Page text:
Mississippi's greatest asset is its people. Mississippians come from a rich heritage of music, literature, sports, art, and cultural diversity.
But the state suffers economically. Mississippi was a wealthy state in the days of cotton plantations, but it has failed to develop a robust modern economy. Much of the state's money comes from federal subsidies and grants.
To move forward and decide how best to grow Mississippi's economy, we first must look at an accurate assessment of where we are now.
Agriculture still plays a role in the state's economic production, but it is minimal at 2.1%. Besides cotton, "soybeans, corn, rice, ... sweet potatoes, peanuts, hay and wheat are significant crop contributors," while "poultry ... forestry ... [and] fishing" also contribute to the agriculture industry.
In comparison to agriculture, manufacturing is one of the largest private industries in the state, employing over 170,000 workers and making up 17 percent of its economic output. Real estate, retail, and healthcare follow the manufacturing industry, with 9.1%, 7.9%, and 7.4%, respectively. These four industries, however, take second place to the prominence of government, which tops the list at 18.5 percent of the state's economy.
As evidenced in the following list, Mississippi's gross domestic product, or gross state product (GSP), lost major ground in 2009 after the Great Recession hit America the year before (in billions of dollars):
- 2006 – 83.077
- 2007 – 87.024
- 2008 – 88.271
- 2009 – 86.096
- 2010- - 87.075
Recent economic projections show that the GSP should improve a bit in the coming years. Despite these hopeful signs, the state's economic growth will likely remain at a lower rate than the national average.
In terms of unemployment, Mississippians saw a rapid increase of job losses after the financial crisis of 2008. The rate of job loss began to slow in 2010, but economic forecasts through 2015 still predict that the Mississippi unemployment rate will remain above the national average. Bad as it is, the state's unemployment average pales in comparison to the rates some individual counties experienced in recent months. Indeed, Clay County posted a 20% unemployment rate in July of 2011.
Additionally, Mississippi has a rather high poverty rate. According to Dr. Marianne Hill, in 2008 nearly one out of every five Mississippians lived in poverty. In 2010, the median income in Mississippi was slightly above $35,000, making the state the poorest in the United States. This low income level is likely the reason why Mississippi also has the highest food stamp usage in the nation (21% of the state's population).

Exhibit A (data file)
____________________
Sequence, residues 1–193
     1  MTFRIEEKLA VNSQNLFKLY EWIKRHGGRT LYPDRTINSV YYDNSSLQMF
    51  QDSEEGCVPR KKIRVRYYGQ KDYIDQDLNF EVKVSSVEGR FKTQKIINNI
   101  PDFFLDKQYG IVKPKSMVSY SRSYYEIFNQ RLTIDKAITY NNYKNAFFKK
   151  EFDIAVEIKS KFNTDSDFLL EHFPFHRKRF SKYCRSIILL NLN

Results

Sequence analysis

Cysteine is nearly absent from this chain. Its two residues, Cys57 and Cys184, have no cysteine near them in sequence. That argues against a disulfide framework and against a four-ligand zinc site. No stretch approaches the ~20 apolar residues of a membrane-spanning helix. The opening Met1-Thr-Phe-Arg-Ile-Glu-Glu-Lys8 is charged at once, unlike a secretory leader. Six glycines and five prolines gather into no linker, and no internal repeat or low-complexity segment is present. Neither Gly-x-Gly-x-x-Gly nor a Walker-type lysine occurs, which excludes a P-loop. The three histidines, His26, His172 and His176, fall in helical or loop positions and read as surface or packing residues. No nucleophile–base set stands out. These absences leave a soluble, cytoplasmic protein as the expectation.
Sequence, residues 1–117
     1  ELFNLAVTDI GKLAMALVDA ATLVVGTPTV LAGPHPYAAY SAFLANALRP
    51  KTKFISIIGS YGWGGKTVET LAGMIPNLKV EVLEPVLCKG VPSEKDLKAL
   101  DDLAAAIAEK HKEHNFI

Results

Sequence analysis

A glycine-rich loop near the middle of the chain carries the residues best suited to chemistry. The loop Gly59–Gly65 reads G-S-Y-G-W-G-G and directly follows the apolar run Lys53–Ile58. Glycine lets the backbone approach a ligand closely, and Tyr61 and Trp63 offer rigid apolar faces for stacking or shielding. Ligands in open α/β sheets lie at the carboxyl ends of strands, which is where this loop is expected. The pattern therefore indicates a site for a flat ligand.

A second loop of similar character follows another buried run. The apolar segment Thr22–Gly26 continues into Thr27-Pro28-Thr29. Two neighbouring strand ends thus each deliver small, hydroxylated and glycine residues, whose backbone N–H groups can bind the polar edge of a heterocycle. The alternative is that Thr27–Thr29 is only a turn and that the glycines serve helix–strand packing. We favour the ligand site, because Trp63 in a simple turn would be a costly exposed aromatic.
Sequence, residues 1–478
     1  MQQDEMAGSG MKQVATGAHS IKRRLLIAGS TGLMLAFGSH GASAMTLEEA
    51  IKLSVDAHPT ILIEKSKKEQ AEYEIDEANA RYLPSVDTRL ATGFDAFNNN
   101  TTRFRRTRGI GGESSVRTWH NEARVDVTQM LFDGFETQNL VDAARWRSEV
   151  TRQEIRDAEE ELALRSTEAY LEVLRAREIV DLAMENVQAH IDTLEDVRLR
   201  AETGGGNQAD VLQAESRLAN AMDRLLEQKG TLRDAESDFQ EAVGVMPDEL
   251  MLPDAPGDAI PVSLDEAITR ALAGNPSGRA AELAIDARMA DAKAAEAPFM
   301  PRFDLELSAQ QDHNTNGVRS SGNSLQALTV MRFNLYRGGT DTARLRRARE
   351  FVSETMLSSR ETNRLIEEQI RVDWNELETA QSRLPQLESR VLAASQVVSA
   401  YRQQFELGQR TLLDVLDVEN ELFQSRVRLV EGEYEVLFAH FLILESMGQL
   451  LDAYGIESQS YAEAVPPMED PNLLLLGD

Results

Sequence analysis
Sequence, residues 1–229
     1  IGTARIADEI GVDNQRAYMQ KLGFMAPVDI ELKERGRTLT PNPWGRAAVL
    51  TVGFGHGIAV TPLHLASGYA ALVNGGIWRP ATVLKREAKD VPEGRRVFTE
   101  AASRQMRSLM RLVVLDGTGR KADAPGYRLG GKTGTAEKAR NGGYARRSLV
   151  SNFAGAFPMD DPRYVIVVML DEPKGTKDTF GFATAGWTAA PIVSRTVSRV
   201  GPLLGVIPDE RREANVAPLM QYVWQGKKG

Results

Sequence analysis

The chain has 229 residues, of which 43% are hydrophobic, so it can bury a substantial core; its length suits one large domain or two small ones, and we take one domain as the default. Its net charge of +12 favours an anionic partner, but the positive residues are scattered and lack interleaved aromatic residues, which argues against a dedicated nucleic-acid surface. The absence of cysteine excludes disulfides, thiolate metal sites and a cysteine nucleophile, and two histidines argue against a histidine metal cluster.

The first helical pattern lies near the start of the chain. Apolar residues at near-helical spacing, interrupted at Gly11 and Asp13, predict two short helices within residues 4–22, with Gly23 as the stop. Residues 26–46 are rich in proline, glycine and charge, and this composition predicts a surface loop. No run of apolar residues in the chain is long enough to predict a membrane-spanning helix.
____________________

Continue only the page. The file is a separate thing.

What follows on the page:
The state is also performing poorly on various measures of educational attainment. According to one source, "Mississippi has a level of educational attainment far below the national average—and lower salaries to match it." Although Mississippi does have a fair amount of college graduates, over 45% of its white adult population and 60% of its African-American adult population only have a high school degree - or less. Furthermore, the state's ACT "composite score of 18.7" is several points below the national average.
Mississippi does have low state and local tax rates as well as a low corporate tax rate and a business-friendly environment that is not overly regulated. These are key factors necessary for economic growth. Additionally, Mississippi is a right-to-work state, meaning workers cannot be forced to join unions.
Large amounts of federal funds have been directed to the state through the years: Mississippi receives over two federal dollars in return for every dollar it pays into the federal tax system.
But Mississippi's government subsidies extend beyond welfare programs. Indeed, "generous government subsidies" have been a big factor in drawing many green energy companies to the state. For the promise of more than 4,500 jobs the Mississippi Legislature approved $400 million in subsidies for the following green energy companies between 2010 and 2011:
The promise of an economic boon from green or clean energy jobs, however, might not be as rosy as it appears. Indeed, the costs of actually using the renewable energy may be more than the state's citizens can handle. Creating successful renewable energy companies is not always easy either, and new Mississippi companies such as solar-panel manufacturer Stion may be facing more worldwide competition than they can handle. Due to the startup nature of renewable energy companies, many of those attracted to Mississippi through state subsidies have a high likelihood of failing. Indeed, the rule of thumb is that all tech startups have a 90 percent chance of failure. Some solar startups, in particular, have gone bankrupt, such as Evergreen Solar, idespite the state of Massachusetts investing $50 million into the company.
Additionally, some of the renewable energy projects lured to the state by former Governor Haley Barbour have raised questions of crony capitalism. Barbour has been known for lobbying for oil companies via the D.C.-based firm BGR Group which he helped found. Barbour's push for the Kemper County clean coal plant has also been connected to his lobbying activities on behalf of Southern Company, a client of BGR Group. In 2012, the Mississippi Supreme Court declared that the continued construction of the Kemper County plant "failed to satisfy state law that the plant would benefit the utility's customers."
Using a variety of charts, quotes, commentary, and primary documents, this topic describes the past, present, and possible future of Mississippi's economy.